Saturday, July 20, 2013

Review: Demigods and Monsters: Your Favorite Authors on Rick Riordan's Percy Jackson and the Olympians Series

ISBN: 9780979233142
Released: January, 2008; re-released July 2, 2013
My copy: Ebook (Netgalley)
Publisher: Smart Pop
Series: No, Stand-Alone
Page Count: (roughly) 288 pages


"Spend a little more time in Percy Jackson’s world—a place where the gods bike among us, monsters man snack bars, and each of us has the potential to become a hero.Find out:Why Dionysus might actually be the best director Camp Half-Blood could have, How to recognize a monster when you see one, Why even if we aren’t facing manticores and minotaurs, reading myth can still help us deal with the scary things in our own lives.Plus, consult our glossary of people, places, and things from Greek myth: how Medusa got her snake hair extensions, why Chiron isn’t into partying and paintball like the rest of his centaur family, and the whole story on Percy’s mythical namesake."

  • I loved Elizabeth Rees' piece that referenced our firefighters and police officers who died trying to save people during 9/11 as heroes just like demi-gods. I loved her piece as a whole, but I loved her idea that regular people can be heroes just as big or sometimes bigger than Riordan's demi-gods.
  • The whole things wasnt praise to Riordan's works. Some authors criticized where necessary and I thought that was great, and an honest, truthful thing to do.
  • This book is like one giant collaborative review. As a reviewer, how can you not appreciate and admire that

  • I was super excited about this book, and then it was kind of just OK. I was kind of let-down by it being just essays basically about each author's personal experiences and how they relate to Riordan's stories.
  • Some of the essays were way too long, and those particular authors kept repeating the same thing over and over. I mean, I love Greek mythology as much as the next obsessed-girl, but give me a break.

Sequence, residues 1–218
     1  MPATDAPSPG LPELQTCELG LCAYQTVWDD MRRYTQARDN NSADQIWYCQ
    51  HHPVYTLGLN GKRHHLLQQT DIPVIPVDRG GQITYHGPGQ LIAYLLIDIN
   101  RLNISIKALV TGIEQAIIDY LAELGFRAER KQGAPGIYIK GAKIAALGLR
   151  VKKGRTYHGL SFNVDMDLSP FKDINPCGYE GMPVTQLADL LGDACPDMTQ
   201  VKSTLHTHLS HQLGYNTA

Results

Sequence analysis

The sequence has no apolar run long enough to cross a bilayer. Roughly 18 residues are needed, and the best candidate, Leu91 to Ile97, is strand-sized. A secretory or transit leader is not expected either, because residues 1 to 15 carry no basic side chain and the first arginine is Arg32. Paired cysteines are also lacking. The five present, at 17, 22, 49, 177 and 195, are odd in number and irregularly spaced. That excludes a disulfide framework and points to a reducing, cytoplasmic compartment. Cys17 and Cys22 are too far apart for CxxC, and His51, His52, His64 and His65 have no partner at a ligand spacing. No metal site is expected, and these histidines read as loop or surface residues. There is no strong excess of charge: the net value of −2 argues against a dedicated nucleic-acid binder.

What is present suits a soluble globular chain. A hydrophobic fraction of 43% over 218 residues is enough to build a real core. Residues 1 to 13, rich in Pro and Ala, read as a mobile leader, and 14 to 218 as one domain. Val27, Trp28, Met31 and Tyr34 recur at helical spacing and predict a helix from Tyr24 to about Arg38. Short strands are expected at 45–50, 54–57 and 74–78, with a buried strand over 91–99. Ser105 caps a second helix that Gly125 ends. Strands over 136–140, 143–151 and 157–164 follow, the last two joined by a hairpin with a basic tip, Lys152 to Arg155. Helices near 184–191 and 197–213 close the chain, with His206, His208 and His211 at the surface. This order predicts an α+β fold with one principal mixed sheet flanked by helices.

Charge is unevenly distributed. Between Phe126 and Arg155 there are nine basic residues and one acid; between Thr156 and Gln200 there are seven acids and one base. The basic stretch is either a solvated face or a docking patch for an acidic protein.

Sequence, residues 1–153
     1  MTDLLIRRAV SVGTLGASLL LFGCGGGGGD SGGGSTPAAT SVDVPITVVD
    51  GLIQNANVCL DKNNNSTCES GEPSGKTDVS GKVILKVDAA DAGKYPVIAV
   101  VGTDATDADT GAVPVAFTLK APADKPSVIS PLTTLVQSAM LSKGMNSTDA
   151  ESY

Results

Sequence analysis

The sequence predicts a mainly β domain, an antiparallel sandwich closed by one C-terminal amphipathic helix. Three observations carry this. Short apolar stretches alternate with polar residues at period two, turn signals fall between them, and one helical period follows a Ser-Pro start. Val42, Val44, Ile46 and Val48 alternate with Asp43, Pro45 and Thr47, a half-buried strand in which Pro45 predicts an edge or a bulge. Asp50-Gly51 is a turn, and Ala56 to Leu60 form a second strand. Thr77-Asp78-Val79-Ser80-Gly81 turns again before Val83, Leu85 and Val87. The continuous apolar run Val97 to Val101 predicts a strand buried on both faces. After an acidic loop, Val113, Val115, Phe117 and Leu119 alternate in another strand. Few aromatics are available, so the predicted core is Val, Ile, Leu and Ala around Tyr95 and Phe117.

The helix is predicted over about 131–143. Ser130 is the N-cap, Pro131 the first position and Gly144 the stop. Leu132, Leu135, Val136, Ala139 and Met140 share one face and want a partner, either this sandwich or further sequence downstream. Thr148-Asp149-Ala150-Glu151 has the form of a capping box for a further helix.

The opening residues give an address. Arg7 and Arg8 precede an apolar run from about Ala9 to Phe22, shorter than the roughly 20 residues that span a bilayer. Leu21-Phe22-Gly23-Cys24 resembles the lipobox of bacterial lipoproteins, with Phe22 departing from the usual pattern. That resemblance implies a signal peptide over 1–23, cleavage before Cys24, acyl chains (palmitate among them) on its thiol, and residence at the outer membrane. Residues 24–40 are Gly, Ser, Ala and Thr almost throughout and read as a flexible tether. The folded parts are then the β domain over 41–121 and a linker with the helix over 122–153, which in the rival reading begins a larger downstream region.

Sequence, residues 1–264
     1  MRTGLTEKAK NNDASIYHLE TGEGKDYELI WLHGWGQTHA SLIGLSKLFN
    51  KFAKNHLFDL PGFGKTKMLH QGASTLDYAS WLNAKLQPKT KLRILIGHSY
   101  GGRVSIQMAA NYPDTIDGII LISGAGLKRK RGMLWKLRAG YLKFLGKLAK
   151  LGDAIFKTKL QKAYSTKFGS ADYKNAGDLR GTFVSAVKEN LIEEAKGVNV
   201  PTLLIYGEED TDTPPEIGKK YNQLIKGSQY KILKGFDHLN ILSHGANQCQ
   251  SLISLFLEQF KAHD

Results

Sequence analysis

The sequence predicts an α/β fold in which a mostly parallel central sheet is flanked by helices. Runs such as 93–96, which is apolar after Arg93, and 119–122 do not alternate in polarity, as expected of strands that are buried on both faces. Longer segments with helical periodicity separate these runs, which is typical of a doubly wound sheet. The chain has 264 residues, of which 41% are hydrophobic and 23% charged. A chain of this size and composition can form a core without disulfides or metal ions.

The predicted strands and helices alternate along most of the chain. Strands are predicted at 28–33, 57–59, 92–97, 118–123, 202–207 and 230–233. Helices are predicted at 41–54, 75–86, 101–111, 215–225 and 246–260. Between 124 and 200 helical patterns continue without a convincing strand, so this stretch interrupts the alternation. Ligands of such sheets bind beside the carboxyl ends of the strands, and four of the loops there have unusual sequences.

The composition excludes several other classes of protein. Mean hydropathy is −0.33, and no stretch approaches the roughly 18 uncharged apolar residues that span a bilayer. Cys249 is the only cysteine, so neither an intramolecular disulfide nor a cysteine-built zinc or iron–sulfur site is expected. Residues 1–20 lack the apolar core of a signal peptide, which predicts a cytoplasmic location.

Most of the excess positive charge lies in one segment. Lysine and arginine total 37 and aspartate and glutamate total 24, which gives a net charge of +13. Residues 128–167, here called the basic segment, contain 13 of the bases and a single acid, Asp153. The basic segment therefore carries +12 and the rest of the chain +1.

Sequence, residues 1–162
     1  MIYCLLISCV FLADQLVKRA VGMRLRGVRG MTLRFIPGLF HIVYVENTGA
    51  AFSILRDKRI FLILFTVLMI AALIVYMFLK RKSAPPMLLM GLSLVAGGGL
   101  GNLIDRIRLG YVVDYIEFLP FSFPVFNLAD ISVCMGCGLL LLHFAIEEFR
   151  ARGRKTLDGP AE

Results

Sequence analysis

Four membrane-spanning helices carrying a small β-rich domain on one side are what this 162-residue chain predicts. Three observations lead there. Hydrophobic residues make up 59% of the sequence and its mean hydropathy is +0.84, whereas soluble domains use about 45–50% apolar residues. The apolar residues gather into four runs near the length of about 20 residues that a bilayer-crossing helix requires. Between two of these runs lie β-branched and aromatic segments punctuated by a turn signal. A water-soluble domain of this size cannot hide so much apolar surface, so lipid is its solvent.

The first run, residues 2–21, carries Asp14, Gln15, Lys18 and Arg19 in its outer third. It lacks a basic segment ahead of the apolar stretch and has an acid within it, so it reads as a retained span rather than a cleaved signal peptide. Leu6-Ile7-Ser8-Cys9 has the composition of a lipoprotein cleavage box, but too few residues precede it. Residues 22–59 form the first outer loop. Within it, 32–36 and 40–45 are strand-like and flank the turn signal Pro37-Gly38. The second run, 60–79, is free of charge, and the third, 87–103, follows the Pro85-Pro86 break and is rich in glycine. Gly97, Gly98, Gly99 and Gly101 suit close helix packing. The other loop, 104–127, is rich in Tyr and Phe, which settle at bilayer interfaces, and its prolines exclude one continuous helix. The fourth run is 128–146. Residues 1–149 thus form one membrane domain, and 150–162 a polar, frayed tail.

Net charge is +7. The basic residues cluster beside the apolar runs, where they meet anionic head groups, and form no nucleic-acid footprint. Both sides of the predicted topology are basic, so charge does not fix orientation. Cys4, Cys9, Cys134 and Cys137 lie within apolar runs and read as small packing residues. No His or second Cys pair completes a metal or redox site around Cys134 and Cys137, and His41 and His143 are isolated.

• Its probably not the best book for the young reader, such as those who would be reading the actual Percy Jackson books. This is probably more marketed toward the older crowd, but it wouldve been cool to have some things written that younger kids could get into, too.

RATING: (3 stars)

Overall, I found this collection interesting more than anything, and I appreciated all of the insight it provided to the books. It really made me want to revisit the Percy Jackson series, and as soon as I'm done with my Harry Potter re-read, I'm definitely delving back into PJ, and possibly will re-read this one too. I absolutely love Greek mythology, so my favorite part about this were all the facts and comparisons to actual Greek mythology and how many new things I learned. It was pretty good, if a little disappointing, and I'd recommend it to anyone who is interested in mythology itself and wants to get a deeper look into what makes the Percy Jackson series tick.

Have any of you read this book? It was re-released to come out right before the second movie (which I cant wait to see!), but originally released back in 2008. Did you read it before or now, or are you planning on reading it? What did you think!?


*Disclaimer: I was given this book by the publisher in exchange for an honest review.*


  1. There were definitely some good parts of the book, but a few entire sections were just painfull to read. One reads like a fanfiction of Percy and Myan mythology, which is an interesting idea, but the two authors wasted it by not making a point. It was an unnecessary segway, to say the least. Another section talked about which Olympian parents would you choose, and instead of talking about the individual god's personalities, parenting style, or even the danger of being the demigod child to certain gods, the author goes on about how she would be a "badass" princess (of the Big Three). On top of that, a lot of the time, the authors put in pointless cutesy throwaway jokes about the characters that don't fit there personalities, get facts wrong about the book, and even spell a character's

  2. name wrong. I feel like some of the authors didn't want to give legit insight into the books and characters and just wanted to fangirl about them. Personally, I feel like some wasted perfectly good subjects and ideas. I've read fanfiction more insightful.


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